The concept of short selling
Selling short is a financial tool investors can use to create a return even if the value of a single stock is declining or when the stock market has a downward trend. In finance one distinguishes between going long and going short, where going long refers to an investor who buys stocks, believing that the price of the stock will increase in the future. On the other hand, when an investor goes short, he foresees a decline in the share price.
We will provide an example of how to conduct a short sale.
Step 1 – Investor A, borrows 10 000 stocks in company X. His broker will lend him the stocks.
Step 2 – He immediately sells the stocks for 10 SEK each, receiving 100 000 SEK less commission fees.
Step 3 – A week later, the share price has decreased to 9 SEK and investor A wants to close the short by buying back the same amount of shares, also known as covering.
Step 4 – He pays 90 000 SEK plus commission and return the shares to the broker making a profit of 10 000 less the commission fees. Usually the broker also charges an interest fee for lending the shares.
There is normally not an agreed time of the closure of the short sale. The short seller can therefore return the shares when he thinks it is appropriate.
Motives behind short selling
Ek and Petersson (1994) describe three strategic incentives behind short selling. (1) Arbitrage; the investor uses short selling to benefit from market inefficiency arising from mispricing of stocks and other financial instruments, (2) hedging; the investor uses short selling to reduce or cancel out risk in other investments and (3) speculation; as the name refers to, this is a purely speculative strategy. The investor does not have the risk-free return, arbitrage, or insurance, hedge, but in return the yield can be relatively high. This is, however, a highly risky activity and only a small proportion of short selling is used for this purpose.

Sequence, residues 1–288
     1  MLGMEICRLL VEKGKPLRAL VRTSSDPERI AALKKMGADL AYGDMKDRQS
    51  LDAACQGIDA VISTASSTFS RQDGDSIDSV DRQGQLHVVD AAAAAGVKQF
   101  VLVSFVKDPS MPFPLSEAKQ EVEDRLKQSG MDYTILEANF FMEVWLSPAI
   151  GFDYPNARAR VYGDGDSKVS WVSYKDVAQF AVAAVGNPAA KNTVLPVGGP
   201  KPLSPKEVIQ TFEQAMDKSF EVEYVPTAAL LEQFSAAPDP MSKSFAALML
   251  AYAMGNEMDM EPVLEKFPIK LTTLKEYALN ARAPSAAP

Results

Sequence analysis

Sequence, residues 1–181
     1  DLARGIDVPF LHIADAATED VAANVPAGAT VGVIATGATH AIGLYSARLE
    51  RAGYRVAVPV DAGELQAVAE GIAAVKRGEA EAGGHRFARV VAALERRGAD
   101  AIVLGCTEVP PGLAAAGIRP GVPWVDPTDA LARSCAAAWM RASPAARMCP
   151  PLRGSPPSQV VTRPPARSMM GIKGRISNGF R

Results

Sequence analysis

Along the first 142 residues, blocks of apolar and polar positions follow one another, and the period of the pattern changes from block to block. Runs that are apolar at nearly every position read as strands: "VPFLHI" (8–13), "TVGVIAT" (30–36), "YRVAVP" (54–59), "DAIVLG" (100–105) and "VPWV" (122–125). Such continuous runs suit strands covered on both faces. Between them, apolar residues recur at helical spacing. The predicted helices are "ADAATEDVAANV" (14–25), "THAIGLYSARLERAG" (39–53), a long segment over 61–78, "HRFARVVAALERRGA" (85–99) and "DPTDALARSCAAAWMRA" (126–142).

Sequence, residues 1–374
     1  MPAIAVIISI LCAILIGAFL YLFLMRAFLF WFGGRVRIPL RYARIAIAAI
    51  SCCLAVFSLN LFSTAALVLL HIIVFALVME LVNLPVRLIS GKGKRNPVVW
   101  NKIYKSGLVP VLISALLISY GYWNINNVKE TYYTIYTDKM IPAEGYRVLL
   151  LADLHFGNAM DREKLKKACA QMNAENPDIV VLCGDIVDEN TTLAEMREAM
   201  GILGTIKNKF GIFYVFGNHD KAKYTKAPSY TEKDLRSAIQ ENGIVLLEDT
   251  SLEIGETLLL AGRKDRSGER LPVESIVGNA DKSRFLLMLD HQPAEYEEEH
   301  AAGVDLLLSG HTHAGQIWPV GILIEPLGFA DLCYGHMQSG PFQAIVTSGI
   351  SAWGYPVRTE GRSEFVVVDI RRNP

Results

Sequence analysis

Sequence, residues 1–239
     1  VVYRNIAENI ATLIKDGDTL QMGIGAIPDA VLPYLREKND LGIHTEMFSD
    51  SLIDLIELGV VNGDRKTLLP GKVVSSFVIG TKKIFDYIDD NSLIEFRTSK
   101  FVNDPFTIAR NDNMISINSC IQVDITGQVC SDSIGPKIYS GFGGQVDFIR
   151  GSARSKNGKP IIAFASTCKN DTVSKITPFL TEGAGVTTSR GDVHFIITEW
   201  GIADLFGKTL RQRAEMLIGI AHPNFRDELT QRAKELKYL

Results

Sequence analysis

Another motive for going short is described by Averil, Morse and Stice (1990) and is referred to as “shorting against the box”. This concept implies short selling securities the investor already own. Holding a short and long position simultaneously results in a neutral position where the gains in the stock will be equal to the losses. The purpose of shorting against the box is to delay taxes. If an investor makes a large profit during e.g. the first three quarters of a year and then speculates that the market will decline during the fourth quarter and the following year it can be assumed that he would like to sell off his shares. If the investor shorts against the box, he can wait until next financial year before he collects parts of the gain, which can put him in a lower tax bracket in the current year without risking that the shares will decrease in value.
Expected returns and risks
The expected return from a short sale can never be greater than 100 percent under the assumption that the price of the shorted security has fallen to zero. This is, however, not likely to happen although financial markets can in periods of disturbance be highly volatile, causing stocks to fluctuate to a great extent as we have seen during the fall of 2008. Short selling is, on the other hand, a risky business since there is no limit of the investor’s potential losses. There is no theoretical end to how high prices can go, above statements are illustrated in figure 3-1. If the price of a security increases rapidly, short sellers may be forced to cover their positions. If many short sellers buy back their shares at the same time, the price of the stock can be pushed higher than normal making it devastating for the investor, also known as short squeeze (D’Avolio, 2002). Also, looking from a historical perspective, stock prices tend to increase over time which indicates that, ceteris paribus, holding a short position involves more risk than holding a long position.
1.1.1 History of short selling regulations in Sweden
2.1 Research approach
2.2 Research metho
2.3 Sample and limitations
2.4 Data collection
2.5 Data analysis .
3 Theoretical framework
3.1 Efficient market hypothesis
3.2 The concept of short selling
3.3 Regulations in foreign countries
3.4 Previous research
4 Empirical findings and analysis
4.1 Statistical analysis
4.2 Hedge fund’s perspective
4.1 The Financial Supervisory Board
4.2 Further analysis
5.2 Future Research
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Short sale restrictions The Swedish perspective